UKIP takes on Tories, Labour as elections loom

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Doncaster (United Kingdom) (AFP) - The UK Independence Party (UKIP) on Friday said it was ready to take on Conservative and Labour in two key votes next month that it hopes will deliver its first parliamentary seats ahead of May's general election.

In his speech at the party's annual conference in Doncaster, UKIP leader Nigel Farage sought to portray the group as appealing to voters from both sides and looked beyond its usual anti-immigration, anti-EU policies.

"This party is not about left and right. This party is about right and wrong," he told some 2,000 delegates at the conference, which was being held at a horse racing track next to opposition Labour leader Ed Miliband's Doncaster North constituency.

The growing support for the eurosceptic party in recent years has caused major concern in Prime Minister David Cameron's Conservative party, which has long been divided on Europe and which has many members who want tougher action on immigration.

But Farage made clear that he also has Labour in his sights, amid signs that working-class voters are beginning to listen to UKIP's anti-establishment message.

"We pose a threat not only to the Conservative party but to the entire British political class," Farage told what the party calls the "people's army", highlighting a manifesto promise to offer tax breaks to people who are earning the minimum wage.

UKIP has kept a relatively low profile since European Parliament elections in May when it won a 27.5 percent share of the vote -- the highest of any British political group.

It has been working on proposals that it hopes will take it beyond its southeast England heartland and into other parts where the Conservatives and Labour have been far stronger.

"We are now parking our tanks on Labour's lawn," Farage said, speaking in the Yorkshire town which was badly impacted by coal mine closures in the 1970s and 1980s.

The conference was overshadowed, however, by a debate in the British parliament on joining US-led air strikes against Islamic Group militants in Iraq.

MPs ended with a vote giving overwhelming support for military action -- something Farage opposes.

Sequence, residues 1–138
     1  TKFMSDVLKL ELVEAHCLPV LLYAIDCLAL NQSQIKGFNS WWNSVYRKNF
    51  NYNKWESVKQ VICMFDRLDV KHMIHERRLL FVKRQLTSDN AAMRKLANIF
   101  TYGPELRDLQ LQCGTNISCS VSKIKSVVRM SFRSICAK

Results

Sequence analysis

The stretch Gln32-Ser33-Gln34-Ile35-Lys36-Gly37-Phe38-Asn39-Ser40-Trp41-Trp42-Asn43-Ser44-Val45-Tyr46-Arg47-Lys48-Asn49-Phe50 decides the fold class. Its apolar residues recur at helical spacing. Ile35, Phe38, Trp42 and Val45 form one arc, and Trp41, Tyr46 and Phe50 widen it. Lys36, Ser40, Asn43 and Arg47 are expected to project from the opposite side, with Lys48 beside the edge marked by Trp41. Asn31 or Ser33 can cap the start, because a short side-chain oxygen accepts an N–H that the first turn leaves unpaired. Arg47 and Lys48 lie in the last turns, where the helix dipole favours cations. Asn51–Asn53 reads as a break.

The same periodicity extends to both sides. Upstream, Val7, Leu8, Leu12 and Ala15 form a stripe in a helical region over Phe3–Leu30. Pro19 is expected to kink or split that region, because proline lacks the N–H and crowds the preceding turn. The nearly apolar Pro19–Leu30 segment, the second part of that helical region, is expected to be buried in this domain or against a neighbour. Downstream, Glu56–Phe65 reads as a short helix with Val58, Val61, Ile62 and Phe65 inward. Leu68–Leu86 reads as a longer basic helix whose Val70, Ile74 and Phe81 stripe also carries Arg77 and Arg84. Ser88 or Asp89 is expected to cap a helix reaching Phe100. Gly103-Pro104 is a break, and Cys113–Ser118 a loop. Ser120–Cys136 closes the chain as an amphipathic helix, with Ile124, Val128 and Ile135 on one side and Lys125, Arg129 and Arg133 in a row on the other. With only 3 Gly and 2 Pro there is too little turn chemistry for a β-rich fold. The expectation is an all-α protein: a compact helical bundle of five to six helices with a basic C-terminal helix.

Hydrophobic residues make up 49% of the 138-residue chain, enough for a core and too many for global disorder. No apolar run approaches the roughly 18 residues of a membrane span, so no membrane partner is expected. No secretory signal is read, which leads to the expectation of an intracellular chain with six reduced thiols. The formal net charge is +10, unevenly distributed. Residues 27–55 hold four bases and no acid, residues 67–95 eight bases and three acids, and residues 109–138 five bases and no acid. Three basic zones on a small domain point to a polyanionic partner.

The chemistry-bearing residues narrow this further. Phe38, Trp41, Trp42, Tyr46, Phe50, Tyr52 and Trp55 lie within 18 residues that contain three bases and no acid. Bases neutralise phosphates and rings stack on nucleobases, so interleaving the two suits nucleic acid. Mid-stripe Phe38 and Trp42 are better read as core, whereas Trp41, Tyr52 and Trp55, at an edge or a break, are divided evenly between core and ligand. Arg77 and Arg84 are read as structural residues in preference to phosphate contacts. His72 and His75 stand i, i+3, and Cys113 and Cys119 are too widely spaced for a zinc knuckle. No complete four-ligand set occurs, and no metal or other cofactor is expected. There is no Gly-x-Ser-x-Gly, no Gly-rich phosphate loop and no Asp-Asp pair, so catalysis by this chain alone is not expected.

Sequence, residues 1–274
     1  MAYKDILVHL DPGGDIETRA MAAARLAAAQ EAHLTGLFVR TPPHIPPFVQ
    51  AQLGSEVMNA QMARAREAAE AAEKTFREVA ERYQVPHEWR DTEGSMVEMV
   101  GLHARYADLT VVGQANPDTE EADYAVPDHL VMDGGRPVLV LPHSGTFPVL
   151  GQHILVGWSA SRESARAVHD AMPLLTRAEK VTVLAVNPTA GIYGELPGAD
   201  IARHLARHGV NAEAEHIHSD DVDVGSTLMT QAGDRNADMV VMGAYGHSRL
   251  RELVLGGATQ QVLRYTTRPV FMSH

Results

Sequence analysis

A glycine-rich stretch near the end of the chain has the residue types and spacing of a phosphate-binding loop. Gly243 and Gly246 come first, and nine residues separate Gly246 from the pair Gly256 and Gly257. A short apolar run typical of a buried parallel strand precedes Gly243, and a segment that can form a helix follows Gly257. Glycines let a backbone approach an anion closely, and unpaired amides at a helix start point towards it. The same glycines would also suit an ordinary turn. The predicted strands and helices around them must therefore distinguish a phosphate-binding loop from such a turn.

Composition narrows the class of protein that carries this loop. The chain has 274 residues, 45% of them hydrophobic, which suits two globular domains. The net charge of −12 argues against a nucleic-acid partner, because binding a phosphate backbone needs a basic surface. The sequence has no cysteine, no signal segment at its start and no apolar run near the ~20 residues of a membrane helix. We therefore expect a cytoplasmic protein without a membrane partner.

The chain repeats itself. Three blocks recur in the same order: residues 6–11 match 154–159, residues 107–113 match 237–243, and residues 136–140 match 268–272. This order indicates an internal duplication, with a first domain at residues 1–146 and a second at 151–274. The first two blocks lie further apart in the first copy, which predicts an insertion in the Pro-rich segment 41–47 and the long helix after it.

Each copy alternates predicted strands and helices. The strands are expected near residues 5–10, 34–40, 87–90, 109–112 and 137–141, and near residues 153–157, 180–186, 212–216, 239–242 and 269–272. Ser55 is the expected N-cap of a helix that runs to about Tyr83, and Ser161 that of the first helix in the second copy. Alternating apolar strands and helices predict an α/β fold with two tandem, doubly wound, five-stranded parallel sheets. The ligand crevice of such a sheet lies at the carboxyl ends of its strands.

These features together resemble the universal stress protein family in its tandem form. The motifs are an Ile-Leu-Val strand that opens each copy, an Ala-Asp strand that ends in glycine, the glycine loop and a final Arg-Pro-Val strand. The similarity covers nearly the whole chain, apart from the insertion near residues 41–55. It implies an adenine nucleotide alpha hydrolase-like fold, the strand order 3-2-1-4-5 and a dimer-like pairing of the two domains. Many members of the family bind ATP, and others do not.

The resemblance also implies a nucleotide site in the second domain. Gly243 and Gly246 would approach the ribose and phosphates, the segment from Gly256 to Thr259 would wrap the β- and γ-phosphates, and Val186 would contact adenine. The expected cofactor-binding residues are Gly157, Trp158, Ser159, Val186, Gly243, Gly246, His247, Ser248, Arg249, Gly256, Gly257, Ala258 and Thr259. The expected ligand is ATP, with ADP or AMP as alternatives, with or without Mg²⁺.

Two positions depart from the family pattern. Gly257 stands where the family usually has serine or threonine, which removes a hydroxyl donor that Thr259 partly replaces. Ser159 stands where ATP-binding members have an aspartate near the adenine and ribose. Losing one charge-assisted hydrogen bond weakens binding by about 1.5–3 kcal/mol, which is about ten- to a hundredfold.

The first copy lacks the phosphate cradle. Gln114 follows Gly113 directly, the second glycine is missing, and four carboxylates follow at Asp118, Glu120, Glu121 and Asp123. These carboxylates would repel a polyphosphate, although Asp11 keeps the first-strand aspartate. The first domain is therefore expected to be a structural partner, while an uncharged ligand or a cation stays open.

- 'Blue collar platform' -

At its two-day conference, UKIP is initially setting its sights on two constituency elections on October 9 that it hopes will deliver its first member of the House of Commons.

Its best chance is in Clacton, a seaside town in southeast England where local MP Douglas Carswell triggered an election by switching from the Conservative party, which he accused of being too weak on Europe, and putting himself forward for UKIP.

The polls predict a triumph for the popular Carswell.

The other by-election is in Heywood and Middleton near Manchester -- a Labour heartland. UKIP is holding a special workshop at its party conference on winning over Labour voters.

UKIP's candidate in that vote, John Bickley, faces a tougher challenge than in Clacton but is trying to harness growing popular discontent following two high-profile sex abuse scandals in the region in Rochdale and Rotherham.

"Farage could have assembled his army of the left-behind in one of his east coast strongholds, but these days he is more ambitious," Matthew Goodwin, a political science professor at the University of Nottingham and a UKIP specialist.

"Doncaster will be used to set out this broader pitch to struggling voters who, arguably, Labour should be winning over," Goodwin said.

Tim Aker, head of UKIP's policy unity and a member of the European Parliament charged with drawing up the manifesto said in this month's issue of Prospect Magazine: "We're beyond left-right, authoritarian-libertarian.

"Our people want to know how we're going to make their lives easier, simpler. It's a blue-collar platform, but for people that want to aspire to achieve absolutely anything."

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